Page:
Tuesday, May 24, 2011

Nature, Raw

"Tornado deaths require two things. You have to have the tornado and you have to have people in the right or the wrong place." Harold Brooks, research meteorologist, National Oceanic and Atmospheric Administration's National Severe Storms Laboratory in Norman, Oklahoma.

Now that's some title. But it would entitle him, as an expert, a professional with vast experience behind him in parsing the atmosphere and weather systems, to express his considered opinion. Which is that people seem to have a tendency to position themselves awkwardly in terms of proximity to natural systems, and at the same time insufficiently shielding themselves from the fall-out of weather systems.

Like building homes in flood plains. They're called flood plains for a reason. It's reasonable to assume that a river basin will at regular intervals, given extreme weather conditions, over run the constraints of their natural water runways, and flood the surrounding area. This is not extreme environmental science, it is rudely obvious and continually observed.

If someone insists on building homes at the foot of a volcano known to erupt on a regular basis, it is not a very prudent decision. If soil is mostly comprised of sand and clay it is well enough known that this is a very unstable combination where the soil can suddenly turn to slippery mush when inundated and cause landslides; don't build there.

In areas of the U.S. mid-west where high winds collide with the extremes of cold and warm air becoming hysterical in the process, tornadoes regularly ensue; it is the stuff of legends and even fondly, of very popular movies. In such tornado-prone environments it is a good idea to build after excavating basements. It is not a very good idea to place too many trailer homes on concrete pads.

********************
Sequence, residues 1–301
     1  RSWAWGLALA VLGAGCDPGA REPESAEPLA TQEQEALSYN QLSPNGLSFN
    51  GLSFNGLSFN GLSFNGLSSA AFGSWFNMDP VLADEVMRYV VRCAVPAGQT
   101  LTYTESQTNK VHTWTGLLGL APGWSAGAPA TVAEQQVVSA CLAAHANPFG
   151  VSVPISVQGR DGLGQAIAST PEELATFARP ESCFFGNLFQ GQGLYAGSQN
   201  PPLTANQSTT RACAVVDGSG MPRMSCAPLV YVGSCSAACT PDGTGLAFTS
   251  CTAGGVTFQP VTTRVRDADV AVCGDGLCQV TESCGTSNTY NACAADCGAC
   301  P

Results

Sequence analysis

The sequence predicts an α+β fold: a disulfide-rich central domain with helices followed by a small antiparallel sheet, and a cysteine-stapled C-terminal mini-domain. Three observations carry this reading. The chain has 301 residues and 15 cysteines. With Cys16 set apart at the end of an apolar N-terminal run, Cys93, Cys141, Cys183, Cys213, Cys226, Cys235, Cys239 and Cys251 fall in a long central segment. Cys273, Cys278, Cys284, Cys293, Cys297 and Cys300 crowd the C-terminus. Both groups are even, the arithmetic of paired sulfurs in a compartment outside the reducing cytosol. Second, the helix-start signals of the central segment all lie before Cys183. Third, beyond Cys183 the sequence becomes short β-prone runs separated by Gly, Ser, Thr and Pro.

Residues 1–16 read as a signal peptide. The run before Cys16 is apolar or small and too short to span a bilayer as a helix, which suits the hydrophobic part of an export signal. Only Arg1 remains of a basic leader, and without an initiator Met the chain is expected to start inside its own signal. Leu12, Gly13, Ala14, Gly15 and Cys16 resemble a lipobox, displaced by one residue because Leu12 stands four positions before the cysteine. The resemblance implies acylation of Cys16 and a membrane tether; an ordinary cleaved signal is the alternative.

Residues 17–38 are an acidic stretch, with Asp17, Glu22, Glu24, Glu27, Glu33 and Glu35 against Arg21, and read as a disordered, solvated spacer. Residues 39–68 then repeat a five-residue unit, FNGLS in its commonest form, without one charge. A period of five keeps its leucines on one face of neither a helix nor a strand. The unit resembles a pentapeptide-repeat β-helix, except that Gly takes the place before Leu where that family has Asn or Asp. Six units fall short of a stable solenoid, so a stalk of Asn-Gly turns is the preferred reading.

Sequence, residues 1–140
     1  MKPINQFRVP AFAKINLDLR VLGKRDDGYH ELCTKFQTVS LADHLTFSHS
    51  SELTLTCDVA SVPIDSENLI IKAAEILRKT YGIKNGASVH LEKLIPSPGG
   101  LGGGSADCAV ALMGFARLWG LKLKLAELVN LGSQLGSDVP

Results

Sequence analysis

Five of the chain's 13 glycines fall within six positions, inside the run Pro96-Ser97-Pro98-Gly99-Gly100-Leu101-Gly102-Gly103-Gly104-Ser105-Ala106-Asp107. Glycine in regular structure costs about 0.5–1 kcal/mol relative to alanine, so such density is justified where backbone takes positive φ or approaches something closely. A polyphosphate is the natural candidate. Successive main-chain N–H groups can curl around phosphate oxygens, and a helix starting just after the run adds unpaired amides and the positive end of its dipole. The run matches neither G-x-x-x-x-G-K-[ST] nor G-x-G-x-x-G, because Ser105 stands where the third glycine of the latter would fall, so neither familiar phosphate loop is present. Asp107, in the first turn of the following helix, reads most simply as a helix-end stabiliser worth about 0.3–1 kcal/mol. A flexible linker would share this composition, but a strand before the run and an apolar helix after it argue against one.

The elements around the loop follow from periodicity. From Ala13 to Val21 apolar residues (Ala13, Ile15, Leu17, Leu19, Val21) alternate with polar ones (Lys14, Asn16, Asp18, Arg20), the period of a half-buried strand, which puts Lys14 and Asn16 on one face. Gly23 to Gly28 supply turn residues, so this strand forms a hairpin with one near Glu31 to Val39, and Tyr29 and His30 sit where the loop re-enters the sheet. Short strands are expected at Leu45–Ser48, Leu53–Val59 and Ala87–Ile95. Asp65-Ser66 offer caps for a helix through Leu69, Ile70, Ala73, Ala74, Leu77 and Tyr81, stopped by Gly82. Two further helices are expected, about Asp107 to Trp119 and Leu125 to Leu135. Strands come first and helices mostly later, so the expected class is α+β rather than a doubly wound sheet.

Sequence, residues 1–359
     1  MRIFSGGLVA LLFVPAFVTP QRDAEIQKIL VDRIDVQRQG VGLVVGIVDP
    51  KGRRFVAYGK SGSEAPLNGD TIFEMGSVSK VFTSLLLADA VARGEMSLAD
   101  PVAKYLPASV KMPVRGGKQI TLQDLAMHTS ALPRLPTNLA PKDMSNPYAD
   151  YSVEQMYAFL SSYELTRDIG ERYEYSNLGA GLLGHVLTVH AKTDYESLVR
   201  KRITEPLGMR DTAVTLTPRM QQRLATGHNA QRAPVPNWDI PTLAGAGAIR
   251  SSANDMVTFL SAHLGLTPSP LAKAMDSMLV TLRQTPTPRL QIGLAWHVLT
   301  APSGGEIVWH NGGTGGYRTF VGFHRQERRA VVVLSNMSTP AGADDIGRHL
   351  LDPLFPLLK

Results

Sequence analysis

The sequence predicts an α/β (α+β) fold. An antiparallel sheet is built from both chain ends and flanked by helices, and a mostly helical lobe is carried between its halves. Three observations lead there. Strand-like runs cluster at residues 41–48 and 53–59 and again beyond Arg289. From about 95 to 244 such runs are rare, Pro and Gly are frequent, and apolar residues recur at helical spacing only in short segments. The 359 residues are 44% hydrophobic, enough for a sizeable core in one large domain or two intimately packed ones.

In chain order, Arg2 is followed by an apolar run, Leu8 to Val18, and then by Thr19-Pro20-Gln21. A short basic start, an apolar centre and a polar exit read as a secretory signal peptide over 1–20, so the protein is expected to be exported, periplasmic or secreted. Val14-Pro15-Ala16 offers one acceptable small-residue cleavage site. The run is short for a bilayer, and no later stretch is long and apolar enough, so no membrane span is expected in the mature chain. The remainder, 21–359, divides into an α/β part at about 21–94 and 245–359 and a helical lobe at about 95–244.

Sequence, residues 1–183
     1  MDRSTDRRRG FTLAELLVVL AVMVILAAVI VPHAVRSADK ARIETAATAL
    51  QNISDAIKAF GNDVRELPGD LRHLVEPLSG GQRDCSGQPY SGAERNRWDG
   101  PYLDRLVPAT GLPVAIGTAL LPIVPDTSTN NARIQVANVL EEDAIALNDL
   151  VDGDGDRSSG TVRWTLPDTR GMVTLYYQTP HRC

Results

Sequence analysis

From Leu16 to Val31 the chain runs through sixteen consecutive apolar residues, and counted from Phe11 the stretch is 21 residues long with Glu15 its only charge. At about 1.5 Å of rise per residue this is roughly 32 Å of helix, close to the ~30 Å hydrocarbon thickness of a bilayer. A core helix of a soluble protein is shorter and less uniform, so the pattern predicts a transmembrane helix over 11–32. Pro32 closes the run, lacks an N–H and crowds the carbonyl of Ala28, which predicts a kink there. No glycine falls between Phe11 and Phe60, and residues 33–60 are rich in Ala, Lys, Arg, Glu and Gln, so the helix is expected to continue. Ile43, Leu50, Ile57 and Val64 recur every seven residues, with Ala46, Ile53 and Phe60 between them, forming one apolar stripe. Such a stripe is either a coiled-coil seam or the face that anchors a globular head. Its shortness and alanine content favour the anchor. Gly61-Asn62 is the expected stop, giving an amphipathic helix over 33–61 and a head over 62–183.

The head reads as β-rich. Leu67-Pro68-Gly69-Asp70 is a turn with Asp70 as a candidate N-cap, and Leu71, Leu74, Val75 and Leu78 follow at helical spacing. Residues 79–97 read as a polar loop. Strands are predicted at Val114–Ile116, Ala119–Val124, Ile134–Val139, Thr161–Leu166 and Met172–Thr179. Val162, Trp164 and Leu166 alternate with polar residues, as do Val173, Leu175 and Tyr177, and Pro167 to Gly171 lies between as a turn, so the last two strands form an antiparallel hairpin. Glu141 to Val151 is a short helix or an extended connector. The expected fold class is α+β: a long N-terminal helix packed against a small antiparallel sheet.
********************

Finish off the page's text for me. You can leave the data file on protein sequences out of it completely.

"The biggest single demographic change that probably affects things is that the fraction of mobile homes in the United States has increased over the years." (Harold Brooks) People are advised to take shelter underground, if possible; this is where basements come in very handy in saving lives. For the powerful force of a tornado easily lifts mobile homes, cars and trucks.

When atmospheric conditions are just right, those twisters are formed. Warm, moist air colliding with cold, dry air. "In April, essentially, we were stuck in a pattern where that was the way things were for a couple of weeks, and that pattern didn't move so we had repeated episodes that were favourable for producing significant tornadoes"...Harold Brooks.

That said, it is horrible that the people in Joplin, Missouri, suffered the dread nightmare of a tornado with winds as high as 320 km/h, making their circumstances deadly beyond their imaginations. The city lost 116 residents to a cruel, early death, and there may be more deaths discovered as search teams continue to look for survivors.

Stories are recounted of survivors experiencing the terror of the sound and fury of tornadoes roaring through their town, their homes, the structures in which large numbers of people gather routinely to shop, to mingle, to receive medical treatment - being destroyed and with the material destruction, human deaths.

Sobering, soul-scorching trauma.

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